Ship breaking

Ship breaking

Until the 1960s, ship breaking was considered a highly mechanized operation, concentrated in industrialized countries, mainly in the United States, United Kingdom, Germany and Italy. Over the years it has gravitated toward countries with low labor costs, weak regulations on occupational safety, and limited environmental enforcement. Currently, the global center of the ship breaking and recycling industry is located in South Asia, specifically Bangladesh, India, and Pakistan. These three countries account for 70–80 percent of the international market for ship breaking of ocean-going vessels.

Supply of iron and employment are the two main economic arguments behind allowing ship breaking. In Bangladesh ship breaking contributes to meeting 25 to 30 per cent of the total iron demand and employs around 3,000 permanent workers. Compared to the so-called economic contribution of the industry, its environmental and social costs are frightening.

Working Conditions

Shipbreaking activities in Bangladesh are concentrated in the north of Chittagong City on the Bay of Bengal. The people working in shipbreaking yards often come from the poorest areas of the countries. Working conditions can be inhumane. A 2003 government study found nearly 90 percent of workers suffered some form of accidental injury — from foot injuries to serious accidents — while working in Chittagong yards. Shipbreakers often dismantle ships without wearing any sort of protection, inhaling toxic gases and exposing themselves to a great deal of injury.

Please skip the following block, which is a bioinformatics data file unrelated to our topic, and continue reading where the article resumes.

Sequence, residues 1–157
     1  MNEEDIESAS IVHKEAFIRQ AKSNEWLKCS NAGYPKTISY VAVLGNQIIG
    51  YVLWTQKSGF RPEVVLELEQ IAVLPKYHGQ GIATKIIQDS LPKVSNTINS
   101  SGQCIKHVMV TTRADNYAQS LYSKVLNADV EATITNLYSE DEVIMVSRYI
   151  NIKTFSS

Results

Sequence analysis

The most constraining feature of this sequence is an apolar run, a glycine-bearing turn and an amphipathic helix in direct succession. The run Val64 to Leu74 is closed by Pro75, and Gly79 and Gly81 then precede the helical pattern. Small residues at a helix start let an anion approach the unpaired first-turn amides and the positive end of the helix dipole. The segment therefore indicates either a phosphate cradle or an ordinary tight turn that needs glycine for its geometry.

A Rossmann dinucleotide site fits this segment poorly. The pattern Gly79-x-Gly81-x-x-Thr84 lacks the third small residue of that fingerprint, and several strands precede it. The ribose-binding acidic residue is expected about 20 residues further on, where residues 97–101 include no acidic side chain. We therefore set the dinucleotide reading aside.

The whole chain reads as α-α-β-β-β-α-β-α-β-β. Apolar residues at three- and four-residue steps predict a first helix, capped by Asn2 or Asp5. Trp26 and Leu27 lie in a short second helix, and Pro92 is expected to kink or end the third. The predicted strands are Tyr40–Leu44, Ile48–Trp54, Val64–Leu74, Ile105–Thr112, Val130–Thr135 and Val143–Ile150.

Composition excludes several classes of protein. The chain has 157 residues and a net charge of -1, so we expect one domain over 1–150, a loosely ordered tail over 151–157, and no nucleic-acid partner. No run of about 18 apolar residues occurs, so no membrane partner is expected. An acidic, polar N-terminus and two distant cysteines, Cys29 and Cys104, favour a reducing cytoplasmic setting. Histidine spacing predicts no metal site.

The International Labour Organisation has described the work on breaking  beaches  as  amongst the most dangerous jobs in the world. Accidents occur on a daily basis, leaving many workers severely injured and permanently disabled. The absence of reliable statistics makes any assessment of the number of accidental deaths linked to shipbreaking on the beaches difficult, but there are strong indications, when adding also deaths due to toxic waste-related illnesses, that the number exceeds one hundred every year. Even more workers get seriously injured. In addition, an investigation by the international Federation for human Rights found that at least 20 percent of the workers in the shipbreaking yards of Chittagong are less than 15 years old.